This was the single largest piece of urban renewal in Edwardian Dublin, and was commissioned by the Earl of Iveagh to clean up the slums that surrounded St Patrick’s Cathedral of which he was funding the restoration. London architects Joseph, Smitherm, and Joseph designed the entire scheme. The centrepiece of the Trust scheme was the Iveagh Baths on Bride Street. A fine example of early Art Nouveau, the baths are brick set on a granite plinth, decorated with terracotta panels. Until its conversion in the 1990s, this contained a fully intact interior entered through a doorway surmounted by a copper clad dome. The interior has now been much altered but the exterior survives to be enjoyed.
Designed by the City Architect C.J. McCarthy and completed in 1904, the Bull Alley Corporation housing scheme was designed to complement the adjacent Iveagh Trust Scheme. These housing blocks are of five stories surmounted by copper domes over stairwells and ornate art nouveau details in the gable ends. The ground floor of the buildings was devoted to small shop units, most of which are still in use today.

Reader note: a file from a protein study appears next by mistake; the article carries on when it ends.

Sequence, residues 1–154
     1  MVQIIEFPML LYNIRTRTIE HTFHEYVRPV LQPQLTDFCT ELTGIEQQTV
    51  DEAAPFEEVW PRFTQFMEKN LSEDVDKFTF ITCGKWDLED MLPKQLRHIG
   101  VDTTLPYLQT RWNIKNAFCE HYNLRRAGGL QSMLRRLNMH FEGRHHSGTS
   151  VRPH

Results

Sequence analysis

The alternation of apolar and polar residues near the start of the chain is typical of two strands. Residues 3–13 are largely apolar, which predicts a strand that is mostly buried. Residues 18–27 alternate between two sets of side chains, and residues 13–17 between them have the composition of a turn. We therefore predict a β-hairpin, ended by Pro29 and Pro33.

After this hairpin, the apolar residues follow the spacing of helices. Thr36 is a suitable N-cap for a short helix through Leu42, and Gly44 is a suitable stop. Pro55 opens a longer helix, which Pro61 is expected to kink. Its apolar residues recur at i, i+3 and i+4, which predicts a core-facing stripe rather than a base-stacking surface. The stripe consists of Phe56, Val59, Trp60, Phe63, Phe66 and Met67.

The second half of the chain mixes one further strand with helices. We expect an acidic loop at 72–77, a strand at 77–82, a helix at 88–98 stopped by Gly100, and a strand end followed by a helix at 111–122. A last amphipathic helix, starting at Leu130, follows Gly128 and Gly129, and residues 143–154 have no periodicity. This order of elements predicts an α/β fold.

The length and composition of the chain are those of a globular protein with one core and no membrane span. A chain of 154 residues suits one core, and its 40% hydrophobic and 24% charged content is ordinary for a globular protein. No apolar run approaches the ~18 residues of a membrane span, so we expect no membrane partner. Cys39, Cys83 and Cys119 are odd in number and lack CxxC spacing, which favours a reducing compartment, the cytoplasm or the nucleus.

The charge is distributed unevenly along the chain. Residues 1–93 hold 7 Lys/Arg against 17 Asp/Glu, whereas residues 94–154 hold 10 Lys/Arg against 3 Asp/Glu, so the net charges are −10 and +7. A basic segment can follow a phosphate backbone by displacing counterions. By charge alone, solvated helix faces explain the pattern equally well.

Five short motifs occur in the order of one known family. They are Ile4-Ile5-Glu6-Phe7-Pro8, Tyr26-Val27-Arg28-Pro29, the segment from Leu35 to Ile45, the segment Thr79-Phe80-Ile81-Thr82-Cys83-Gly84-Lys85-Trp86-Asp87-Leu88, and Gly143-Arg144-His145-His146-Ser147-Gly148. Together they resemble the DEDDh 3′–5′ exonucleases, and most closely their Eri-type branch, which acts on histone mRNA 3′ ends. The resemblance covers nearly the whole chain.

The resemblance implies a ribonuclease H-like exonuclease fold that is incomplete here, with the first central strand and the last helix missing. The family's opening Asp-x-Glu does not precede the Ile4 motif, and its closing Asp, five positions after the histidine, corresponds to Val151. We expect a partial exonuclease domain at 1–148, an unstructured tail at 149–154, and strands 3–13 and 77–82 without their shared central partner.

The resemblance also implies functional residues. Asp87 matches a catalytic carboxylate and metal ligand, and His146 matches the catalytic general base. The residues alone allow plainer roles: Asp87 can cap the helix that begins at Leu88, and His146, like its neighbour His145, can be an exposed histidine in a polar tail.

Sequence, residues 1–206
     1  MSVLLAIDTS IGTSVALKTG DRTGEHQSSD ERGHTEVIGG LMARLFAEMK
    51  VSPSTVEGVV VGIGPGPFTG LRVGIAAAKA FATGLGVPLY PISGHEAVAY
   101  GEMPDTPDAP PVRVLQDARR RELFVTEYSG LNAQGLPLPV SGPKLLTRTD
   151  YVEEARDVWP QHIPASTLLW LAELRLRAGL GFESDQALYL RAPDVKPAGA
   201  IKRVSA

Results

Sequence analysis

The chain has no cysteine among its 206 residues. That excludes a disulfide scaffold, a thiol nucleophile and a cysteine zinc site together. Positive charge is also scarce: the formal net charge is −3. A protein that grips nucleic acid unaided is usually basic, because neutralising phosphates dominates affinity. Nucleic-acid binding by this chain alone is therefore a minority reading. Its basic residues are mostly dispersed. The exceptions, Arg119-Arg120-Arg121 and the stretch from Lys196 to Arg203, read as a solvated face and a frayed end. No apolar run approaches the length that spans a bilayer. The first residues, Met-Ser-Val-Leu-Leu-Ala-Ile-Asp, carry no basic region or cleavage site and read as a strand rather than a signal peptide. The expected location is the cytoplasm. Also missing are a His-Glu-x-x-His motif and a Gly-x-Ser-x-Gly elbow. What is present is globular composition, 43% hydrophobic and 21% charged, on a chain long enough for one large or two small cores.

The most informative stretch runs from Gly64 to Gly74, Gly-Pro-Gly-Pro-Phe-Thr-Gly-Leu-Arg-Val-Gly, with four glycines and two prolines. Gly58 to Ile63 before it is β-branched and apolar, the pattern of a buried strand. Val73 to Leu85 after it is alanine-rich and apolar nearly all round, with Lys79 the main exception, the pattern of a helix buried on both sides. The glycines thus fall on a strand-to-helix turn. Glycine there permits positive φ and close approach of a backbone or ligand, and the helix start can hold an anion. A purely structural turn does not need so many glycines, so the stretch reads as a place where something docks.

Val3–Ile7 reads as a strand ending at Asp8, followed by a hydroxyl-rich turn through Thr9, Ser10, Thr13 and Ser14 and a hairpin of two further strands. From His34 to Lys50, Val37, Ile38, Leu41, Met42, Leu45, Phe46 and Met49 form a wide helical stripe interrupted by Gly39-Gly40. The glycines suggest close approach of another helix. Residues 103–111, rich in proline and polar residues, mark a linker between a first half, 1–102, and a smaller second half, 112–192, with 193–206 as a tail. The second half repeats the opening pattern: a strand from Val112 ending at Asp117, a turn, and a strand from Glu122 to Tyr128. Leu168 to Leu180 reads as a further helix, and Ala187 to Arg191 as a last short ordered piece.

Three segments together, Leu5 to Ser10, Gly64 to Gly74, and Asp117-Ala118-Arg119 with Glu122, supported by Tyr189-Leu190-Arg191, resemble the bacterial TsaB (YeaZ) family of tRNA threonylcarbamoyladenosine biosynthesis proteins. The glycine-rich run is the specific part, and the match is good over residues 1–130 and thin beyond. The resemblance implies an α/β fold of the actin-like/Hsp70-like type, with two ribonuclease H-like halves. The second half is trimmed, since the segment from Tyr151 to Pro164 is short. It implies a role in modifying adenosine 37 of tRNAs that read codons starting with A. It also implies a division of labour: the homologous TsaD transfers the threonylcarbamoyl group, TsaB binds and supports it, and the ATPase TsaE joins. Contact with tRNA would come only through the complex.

“Lord Iveagh’s munificent scheme for the improvement of an insanitary area in the heart of the city of Dublin will probably cost the donor a quarter of a million sterling. The proposal, which is to take the form of a Bill in the coming Session of Parliament, will deal with that part of the Irish metropolis which is known as the Bull-alley area, forming the centre portion of the district between St. Patrick’s Cathedral and Christchurch Cathedral. Lord Iveagh contemplates acquiring the area between Bull-alley and Brides-alley, and utilising the site, partly by giving certain portions to the corporation of Dublin for the straightening, widening, and im- proving of the adjacent streets, but chiefly for the erection of two classes of buildings — viz., (1) workmen’s dwellings, a lodging-house for single men, shops, &c. ; (2) certain recreative buildings, such as a concert ball, reading and lecture rooms, swimming bath, gymnasium, &c. The promoter will execute the whole scheme at his own cost, but without personally deriving any pecuniary profit from it, and eventually the control and management of the property is to be handed over to the Trustees of the Guinness Trust for the amelioration of the condition of the labouring classes in Dublin.” The Building News, December 30, 1898.